Monday, November 3, 2008

The Best of Times, The Worst of Times

I prefer not to have my cultural experiences before the roosters crow, but because the Christian missionaries failed so horribly in this part of the world, Indonesia is a Muslim country (fact: there are more Muslims in Indo then any other country). That means the prayer towers erupt with blaring loudspeakers and the warbled chant of the faithful an hour before the sun rises. We've spent the last month in tiny villages, and to now arrive in a city of 2 million with neon signs and endless honking traffic is quite a shock to the system. Cigarettes, open sewers & diesel; these are the smells of an over populated 3rd world city. We traveled west to reach the east. Usually there isn't any culture shock on a sailboat. Our mode of travel is quite slow. It's the opposite of airline travel, which is closer to time travel in my mind. We have plenty of time to prepare. A smudge in the distance becomes an outline on the horizon, and then it's "land ho!" with many more hours to go until we confront it, and truth be told, usually the differences between the islands aren't that different, but traveling the 35 miles from Vanimo in PNG to Jayapura in Indonesia - that was a dramatic cultural face slap. I'm ready to love it, but a clue to those in Polynesia or Melanesia - don't rush it.

Let me tell you about the toilets: An open hole, a water tap with bucket beneath, and a scoop floating in the bucket. Nothing else. You tell me - how in the world could this be hygienic? My dad taught us not to even touch the tap without a paper towel in our hands. I have a high tolerance for filth but this is ridiculous. It was exactly the same in the Middle East. I've been warned about the left hand. Think about how many times your left hand touches your right hand throughout the day. I fixate on this every time I'm forced through good manners to shake some ones hand. I love the food, but I cringe thinking about the food handlers. However, I haven't been sick yet.

Hollandia Bay in Jayapura is deep. Not too deep for a wee sailboat, but close. Emelia and Barraveigh drove around in circles, mapping the bottom with our sonar to find an acceptable place to anchor. We nosed close to the polisi boat and from the deck, our new best friend Surispan, told us to pick up the mooring a short distance away. We call him Pan, and he's the greatest guy. He instantly became our tour guide and walked us all over the place. Anything we wanted he helped with; diesel, water, and all the officialdom and paperwork that we had to hurtle, he helped to lubricate. It took 12 hours to check in and out. That's a new low.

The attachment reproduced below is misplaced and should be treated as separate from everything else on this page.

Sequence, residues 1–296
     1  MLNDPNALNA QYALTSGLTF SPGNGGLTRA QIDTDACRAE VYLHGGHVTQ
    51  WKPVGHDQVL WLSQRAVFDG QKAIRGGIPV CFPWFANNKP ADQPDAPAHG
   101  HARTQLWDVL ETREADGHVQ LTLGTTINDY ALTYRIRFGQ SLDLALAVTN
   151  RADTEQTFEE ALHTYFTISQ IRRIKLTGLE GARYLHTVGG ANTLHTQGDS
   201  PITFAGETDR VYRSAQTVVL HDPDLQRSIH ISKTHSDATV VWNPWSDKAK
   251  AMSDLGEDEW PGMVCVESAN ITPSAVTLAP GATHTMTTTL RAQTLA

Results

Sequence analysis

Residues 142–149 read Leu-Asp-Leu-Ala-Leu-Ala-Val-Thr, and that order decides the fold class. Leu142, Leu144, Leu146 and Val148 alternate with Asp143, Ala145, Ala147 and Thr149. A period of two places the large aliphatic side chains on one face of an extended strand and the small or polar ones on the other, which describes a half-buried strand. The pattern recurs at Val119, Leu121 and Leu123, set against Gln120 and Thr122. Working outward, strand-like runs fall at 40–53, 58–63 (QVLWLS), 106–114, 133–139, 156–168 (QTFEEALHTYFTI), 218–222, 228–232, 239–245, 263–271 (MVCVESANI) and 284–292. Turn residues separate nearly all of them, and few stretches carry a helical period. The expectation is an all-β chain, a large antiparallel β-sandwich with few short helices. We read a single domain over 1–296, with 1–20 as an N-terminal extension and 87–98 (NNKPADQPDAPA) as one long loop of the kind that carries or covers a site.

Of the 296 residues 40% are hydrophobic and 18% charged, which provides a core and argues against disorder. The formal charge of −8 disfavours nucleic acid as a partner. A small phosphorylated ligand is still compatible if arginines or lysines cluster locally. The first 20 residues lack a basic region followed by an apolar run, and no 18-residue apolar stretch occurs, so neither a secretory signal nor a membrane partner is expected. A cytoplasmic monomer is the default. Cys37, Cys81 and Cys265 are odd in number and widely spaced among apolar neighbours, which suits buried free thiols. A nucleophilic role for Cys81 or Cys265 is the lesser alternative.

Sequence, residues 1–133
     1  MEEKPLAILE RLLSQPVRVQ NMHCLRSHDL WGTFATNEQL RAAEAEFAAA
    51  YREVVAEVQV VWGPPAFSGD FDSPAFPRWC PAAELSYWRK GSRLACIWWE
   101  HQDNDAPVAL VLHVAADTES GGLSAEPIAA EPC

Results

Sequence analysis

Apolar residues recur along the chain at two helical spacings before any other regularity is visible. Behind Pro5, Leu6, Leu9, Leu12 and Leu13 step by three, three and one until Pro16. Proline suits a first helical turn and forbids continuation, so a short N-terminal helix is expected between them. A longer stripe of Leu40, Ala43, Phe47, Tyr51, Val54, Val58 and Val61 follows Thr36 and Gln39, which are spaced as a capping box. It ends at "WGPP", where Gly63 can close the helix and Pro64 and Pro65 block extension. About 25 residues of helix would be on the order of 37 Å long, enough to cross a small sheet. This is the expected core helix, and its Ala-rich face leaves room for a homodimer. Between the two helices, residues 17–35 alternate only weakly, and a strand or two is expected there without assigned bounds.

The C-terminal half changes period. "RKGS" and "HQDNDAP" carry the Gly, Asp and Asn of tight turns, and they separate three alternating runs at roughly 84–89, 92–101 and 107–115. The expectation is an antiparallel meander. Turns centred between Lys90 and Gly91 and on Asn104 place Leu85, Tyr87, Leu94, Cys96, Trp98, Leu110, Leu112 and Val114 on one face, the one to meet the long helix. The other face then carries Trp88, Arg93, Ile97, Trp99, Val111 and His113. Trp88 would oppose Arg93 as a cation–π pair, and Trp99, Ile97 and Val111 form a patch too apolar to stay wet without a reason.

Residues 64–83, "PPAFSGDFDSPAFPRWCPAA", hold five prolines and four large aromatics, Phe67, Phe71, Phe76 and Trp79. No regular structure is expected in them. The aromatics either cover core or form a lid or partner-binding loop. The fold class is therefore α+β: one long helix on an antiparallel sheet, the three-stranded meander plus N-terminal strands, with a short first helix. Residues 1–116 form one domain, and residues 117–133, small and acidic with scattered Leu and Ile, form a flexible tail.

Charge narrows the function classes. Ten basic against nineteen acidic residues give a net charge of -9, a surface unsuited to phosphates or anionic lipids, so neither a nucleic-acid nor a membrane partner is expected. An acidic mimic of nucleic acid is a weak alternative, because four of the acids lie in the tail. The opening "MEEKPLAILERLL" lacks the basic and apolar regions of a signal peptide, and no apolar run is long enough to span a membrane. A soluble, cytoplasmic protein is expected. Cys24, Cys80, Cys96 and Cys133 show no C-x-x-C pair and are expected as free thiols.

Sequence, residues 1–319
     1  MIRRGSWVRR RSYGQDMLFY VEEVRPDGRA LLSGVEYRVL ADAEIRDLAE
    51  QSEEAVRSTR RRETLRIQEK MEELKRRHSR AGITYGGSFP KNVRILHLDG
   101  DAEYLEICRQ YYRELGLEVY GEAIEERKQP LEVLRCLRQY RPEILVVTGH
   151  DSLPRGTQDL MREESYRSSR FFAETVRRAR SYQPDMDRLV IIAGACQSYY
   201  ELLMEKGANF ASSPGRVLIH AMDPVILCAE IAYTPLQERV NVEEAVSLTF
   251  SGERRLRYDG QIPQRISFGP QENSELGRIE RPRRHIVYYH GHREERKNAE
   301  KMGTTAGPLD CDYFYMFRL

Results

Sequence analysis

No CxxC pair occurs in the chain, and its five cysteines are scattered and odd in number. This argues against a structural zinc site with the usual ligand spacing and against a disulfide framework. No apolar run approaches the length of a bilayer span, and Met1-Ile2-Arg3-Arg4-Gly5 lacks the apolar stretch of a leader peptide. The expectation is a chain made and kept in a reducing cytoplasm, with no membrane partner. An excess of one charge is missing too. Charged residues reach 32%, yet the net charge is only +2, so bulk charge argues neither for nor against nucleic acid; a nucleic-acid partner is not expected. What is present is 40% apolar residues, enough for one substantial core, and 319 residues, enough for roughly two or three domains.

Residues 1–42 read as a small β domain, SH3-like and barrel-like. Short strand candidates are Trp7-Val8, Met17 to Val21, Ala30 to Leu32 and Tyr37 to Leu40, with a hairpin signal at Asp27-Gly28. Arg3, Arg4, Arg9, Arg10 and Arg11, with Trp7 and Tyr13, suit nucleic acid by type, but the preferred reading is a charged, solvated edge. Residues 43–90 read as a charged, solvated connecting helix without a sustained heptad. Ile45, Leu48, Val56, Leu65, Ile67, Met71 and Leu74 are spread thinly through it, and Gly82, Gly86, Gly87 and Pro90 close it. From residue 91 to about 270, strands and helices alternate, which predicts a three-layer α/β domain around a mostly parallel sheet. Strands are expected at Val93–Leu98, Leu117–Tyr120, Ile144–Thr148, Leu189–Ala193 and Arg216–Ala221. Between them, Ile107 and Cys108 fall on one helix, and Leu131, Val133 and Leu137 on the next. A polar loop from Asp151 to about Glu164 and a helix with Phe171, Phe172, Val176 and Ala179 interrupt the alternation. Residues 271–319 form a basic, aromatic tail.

Apparently throwing rocks is how the locals get your attention. That's a bad habit. Suzi exacerbated it by hanging the laundry in her shirt & panties. That's a bad habit too. Apparently her luxurious bottom threatens these small people. That, and the fact that she broke a major cultural no-no in an Islamic country had us fighting with each other the rest of the day. She will now appropriately contain her lower unit, since, left to run free, it would try to dominate the globe.

We left Jayapura and began the 350 miles to Biak; an island above an island. It was a fine passage except for 8 hours right in the middle when we had 27 - 30 knots on the nose. The seas built up to 8 feet in no time and we were crashing straight into them. Our speed dropped to 2.7. I cursed the sea. We'll never get there. 2 hours later our speed was further diminished to 1.6. I longed for the fast numbers of 2.7. It's all relative, and nothing lasts forever. I sat in that cockpit for 10 hours in soaking wet foulies until it died down enough to go below for much needed sleep. Suzi was extra kind to me the whole next day.

Biak was nothing more than a pit stop. Just a resting spot before we finish this northern leg over the top of what used to be called Irian Jaya (today it's called Papua). We are in a hustle to beat the changing of the monsoons. (As I write this, we are 250 miles from Sorong, which is the safe landfall where we'll make our turn, and begin a southerly course. I think we'll beat the monsoons but yesterday we got clobbered again for 4 hours).